"Are there errors? I'm sure there are, but at the beginning you are especially encouraged to show a lot of cases at the concensus conference. Towards the end of the year, there is very little difference with the other pathologists in the percentage of cases shown for QA purposes.

"There is no doubt that the level of responsibility is not for everyone (or perhaps most people) right out of residency, but you learn a lot, and very quickly.

"And it's an especially great system if you're permanent faculty, as you have no primary frozen responsibilities or call."

"GI does the mucosals and liver bxs and directed consults to Dr. Montgomery. They don't really see many resections, though recently they take a few Whipples (we have up to 4 pancreata/day). GYN has an entirely separate service. There is no breast fellowship, so that's all on the SP service (Argani sees true consults). The only things we don't see much of is GI biopsies and GYN, though you can rotate on those services during elective months, of which we have 3 during the year."

"...while there is no doubt you'll be well prepared to sign out SP after the year in the real world, let's not make the mistake of overselling the experience. The SP "fellows" take ALL of the call for the department, which can be busy, and which can frankly really suck. You can potentially spend the whole weekend reading rush biopsies and organ harvests on your own, without backup. You are basically taking on the responsibility (and liability) of a busy year of signout, while getting paid essentially like a resident. Frankly, it's a complicated decision whether to pursue the experience." [1]

Comment 2:

(Posted on studentdoctor.net pathology forum by Absidia on 6-1-2011.)

"Let's also not make the mistake of underselling it. A few points:

- While they can be busy at times, the vast majority of weekends and call nights are relatively uneventful.

- Unlike MSKCC or MDA, there is no grossing.

- Admittedly the pay is not much more than that of a resident (it's your PGY level + 5K), but it is just one year, and I would argue that the training you get more than compensates.

- While the attendings certainly do not baby you, there is tons of backup should you need it (even on weekends, though it is rarely done, you can call someone in or use virtual microscopy).

- Finally, rarely mentioned is the ability to rotate 3 months on a specific service (e.g., GU with Epstein or GI with Montgomery), creating a "mini-fellowship" complete with research opportunities for those that desire them.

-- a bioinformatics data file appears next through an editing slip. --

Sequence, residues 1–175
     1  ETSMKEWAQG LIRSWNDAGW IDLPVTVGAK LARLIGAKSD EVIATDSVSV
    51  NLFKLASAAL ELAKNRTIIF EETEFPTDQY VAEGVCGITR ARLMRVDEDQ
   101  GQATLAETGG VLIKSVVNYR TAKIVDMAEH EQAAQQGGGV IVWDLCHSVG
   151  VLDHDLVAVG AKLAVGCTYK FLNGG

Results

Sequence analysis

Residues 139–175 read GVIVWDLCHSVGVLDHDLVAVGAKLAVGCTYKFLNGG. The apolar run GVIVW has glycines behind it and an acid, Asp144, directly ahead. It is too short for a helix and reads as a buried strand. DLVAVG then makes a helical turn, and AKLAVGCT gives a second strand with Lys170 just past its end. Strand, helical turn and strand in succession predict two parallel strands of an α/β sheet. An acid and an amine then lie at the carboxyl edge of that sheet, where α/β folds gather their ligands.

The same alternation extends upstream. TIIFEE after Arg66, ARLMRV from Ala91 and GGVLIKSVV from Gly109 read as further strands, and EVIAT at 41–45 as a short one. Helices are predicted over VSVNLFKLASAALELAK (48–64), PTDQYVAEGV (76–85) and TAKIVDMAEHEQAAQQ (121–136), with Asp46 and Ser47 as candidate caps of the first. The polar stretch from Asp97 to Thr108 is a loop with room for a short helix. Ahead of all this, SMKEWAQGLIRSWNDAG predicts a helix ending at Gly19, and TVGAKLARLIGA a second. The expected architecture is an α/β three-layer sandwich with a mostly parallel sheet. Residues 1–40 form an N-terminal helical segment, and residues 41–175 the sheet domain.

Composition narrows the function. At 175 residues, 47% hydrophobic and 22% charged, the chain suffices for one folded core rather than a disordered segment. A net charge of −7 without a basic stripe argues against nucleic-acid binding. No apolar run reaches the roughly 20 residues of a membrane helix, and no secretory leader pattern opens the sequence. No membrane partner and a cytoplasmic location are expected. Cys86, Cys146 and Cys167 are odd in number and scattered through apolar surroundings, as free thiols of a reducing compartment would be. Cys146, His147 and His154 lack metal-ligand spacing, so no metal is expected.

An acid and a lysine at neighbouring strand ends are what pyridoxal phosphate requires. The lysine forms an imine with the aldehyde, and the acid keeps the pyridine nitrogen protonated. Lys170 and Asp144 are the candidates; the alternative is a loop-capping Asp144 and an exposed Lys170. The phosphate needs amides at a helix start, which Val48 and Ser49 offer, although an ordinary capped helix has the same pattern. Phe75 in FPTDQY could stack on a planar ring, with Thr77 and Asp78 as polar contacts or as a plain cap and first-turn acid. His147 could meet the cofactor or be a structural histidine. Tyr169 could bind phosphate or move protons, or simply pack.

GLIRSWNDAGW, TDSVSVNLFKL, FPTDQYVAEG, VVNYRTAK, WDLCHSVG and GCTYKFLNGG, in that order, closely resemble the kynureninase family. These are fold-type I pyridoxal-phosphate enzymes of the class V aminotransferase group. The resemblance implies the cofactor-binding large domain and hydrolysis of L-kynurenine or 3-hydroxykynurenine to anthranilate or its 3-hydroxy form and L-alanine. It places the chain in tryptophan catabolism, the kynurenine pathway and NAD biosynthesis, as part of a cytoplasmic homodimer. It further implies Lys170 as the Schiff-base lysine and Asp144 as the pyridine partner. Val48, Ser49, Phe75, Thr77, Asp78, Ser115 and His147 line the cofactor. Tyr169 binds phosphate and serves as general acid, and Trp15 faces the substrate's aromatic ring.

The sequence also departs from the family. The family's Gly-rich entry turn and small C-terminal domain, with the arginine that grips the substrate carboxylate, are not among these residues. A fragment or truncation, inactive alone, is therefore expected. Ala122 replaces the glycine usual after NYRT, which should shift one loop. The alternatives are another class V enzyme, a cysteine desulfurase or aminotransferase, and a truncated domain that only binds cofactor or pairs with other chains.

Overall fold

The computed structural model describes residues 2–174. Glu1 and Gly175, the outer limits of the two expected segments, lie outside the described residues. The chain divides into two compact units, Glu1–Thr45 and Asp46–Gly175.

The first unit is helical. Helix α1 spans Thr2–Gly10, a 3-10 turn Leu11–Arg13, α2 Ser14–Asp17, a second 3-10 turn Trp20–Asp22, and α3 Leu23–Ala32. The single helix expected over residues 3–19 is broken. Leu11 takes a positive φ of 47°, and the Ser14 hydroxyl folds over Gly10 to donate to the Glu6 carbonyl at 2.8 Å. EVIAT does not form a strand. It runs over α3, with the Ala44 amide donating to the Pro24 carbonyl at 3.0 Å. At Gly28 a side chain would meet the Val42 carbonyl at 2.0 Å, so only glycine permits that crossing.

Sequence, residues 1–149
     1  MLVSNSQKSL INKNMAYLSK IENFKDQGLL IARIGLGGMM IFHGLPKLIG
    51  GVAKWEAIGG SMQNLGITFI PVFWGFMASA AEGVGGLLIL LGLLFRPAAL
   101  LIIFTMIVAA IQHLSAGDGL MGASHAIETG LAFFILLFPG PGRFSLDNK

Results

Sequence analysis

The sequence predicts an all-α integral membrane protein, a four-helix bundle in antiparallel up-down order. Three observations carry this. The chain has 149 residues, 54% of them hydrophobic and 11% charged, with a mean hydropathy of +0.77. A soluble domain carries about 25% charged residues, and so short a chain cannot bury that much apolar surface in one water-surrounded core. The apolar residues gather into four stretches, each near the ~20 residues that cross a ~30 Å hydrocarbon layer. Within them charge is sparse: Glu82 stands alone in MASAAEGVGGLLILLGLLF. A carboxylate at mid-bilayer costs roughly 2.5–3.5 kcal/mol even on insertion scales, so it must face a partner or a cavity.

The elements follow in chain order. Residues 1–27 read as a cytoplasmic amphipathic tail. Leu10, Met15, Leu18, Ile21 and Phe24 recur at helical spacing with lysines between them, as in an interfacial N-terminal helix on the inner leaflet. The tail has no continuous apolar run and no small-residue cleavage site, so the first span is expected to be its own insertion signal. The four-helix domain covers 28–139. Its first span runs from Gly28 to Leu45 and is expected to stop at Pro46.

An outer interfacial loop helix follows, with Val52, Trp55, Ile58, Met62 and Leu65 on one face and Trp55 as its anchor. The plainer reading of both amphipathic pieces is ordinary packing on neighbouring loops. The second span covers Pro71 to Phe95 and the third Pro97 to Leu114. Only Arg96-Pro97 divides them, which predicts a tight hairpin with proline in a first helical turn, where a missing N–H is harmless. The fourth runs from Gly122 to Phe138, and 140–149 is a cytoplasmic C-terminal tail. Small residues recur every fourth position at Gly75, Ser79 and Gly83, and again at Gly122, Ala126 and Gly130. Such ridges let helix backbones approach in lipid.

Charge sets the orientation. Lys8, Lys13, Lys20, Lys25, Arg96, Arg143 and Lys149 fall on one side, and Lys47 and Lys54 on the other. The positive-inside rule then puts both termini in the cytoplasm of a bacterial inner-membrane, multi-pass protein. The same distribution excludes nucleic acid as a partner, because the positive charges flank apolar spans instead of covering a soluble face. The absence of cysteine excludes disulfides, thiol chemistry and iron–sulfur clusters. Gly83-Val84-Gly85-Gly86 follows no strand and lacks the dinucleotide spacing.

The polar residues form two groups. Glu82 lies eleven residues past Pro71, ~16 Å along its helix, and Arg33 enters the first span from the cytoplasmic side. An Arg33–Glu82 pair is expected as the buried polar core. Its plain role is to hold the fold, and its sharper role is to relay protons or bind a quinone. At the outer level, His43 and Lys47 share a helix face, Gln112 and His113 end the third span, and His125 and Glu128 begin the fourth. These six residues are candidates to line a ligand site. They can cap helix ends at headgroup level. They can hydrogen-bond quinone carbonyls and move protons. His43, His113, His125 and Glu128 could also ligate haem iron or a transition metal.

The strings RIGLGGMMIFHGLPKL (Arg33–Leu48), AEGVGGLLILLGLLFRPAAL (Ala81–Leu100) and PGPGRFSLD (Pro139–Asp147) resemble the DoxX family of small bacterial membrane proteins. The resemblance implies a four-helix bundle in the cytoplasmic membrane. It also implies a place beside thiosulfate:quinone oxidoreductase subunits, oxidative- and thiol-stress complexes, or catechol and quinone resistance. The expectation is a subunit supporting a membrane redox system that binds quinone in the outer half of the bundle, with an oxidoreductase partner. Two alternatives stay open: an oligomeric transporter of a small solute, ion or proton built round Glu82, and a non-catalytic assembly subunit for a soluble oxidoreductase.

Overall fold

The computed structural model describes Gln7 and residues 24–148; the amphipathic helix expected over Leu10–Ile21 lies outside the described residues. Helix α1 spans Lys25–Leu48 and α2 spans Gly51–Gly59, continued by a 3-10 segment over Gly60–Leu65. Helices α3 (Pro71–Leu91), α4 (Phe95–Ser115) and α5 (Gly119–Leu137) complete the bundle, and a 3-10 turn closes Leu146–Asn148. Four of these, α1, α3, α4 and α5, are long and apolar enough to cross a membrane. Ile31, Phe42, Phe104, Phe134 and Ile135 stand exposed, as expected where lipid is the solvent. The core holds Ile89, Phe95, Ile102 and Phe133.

I would argue very strongly that there is no better SP training ("fellowship") experience."

[2]

Comment 3:

(Posted on studentdoctor.net pathology forum by gschl1234 on 9-02-2011.)

"The Hopkins system is a 3 day rotation where you do frozens, sign out, and confirming consults x 9 months. On signout you sit at a 2 person scope w/ the resident (who's previewed and done all the paperwork) and right next to you is another 2 headed scope where the attending on for the week signs out with the other resident. Theoretically, the 2 residents previewing the previous night should have balanced out trays so the attending and fellow (technically called SP assistant) see roughly equal # of slides. As an assistant, you're on your own for all 3 days but you can ask for help. For frozens, you can go to the attending on in-house service or if pancreas, Dr. Hruban is usually already there from the beginning so he can confirm your impression. For signout and confirmings, you can bring as much as you want to the 2:00 QA conference. But the assistant releases his/her cases and attendings don't signout or preview your cases for you. The other 3 months are electives. Call is shared among the 4 assistants over the year. There's always a resident on who gets the first page. All GYN, GI biopsies and Derm biopsies are signed out by subspecialty so the in-house SP service sees pretty much everything else."

[3]


Transfusion Medicine FellowshipEdit

Transplantation Immunology FellowshipEdit

ReferencesEdit

  1. Studentdoctor.net. Post by LNSquasher. 5-27-2011.
  2. Studentdoctor.net. Post by Absidia. 6-1-2011.
  3. Studentdoctor.net. Post by gschl1234 on 9-02-2011.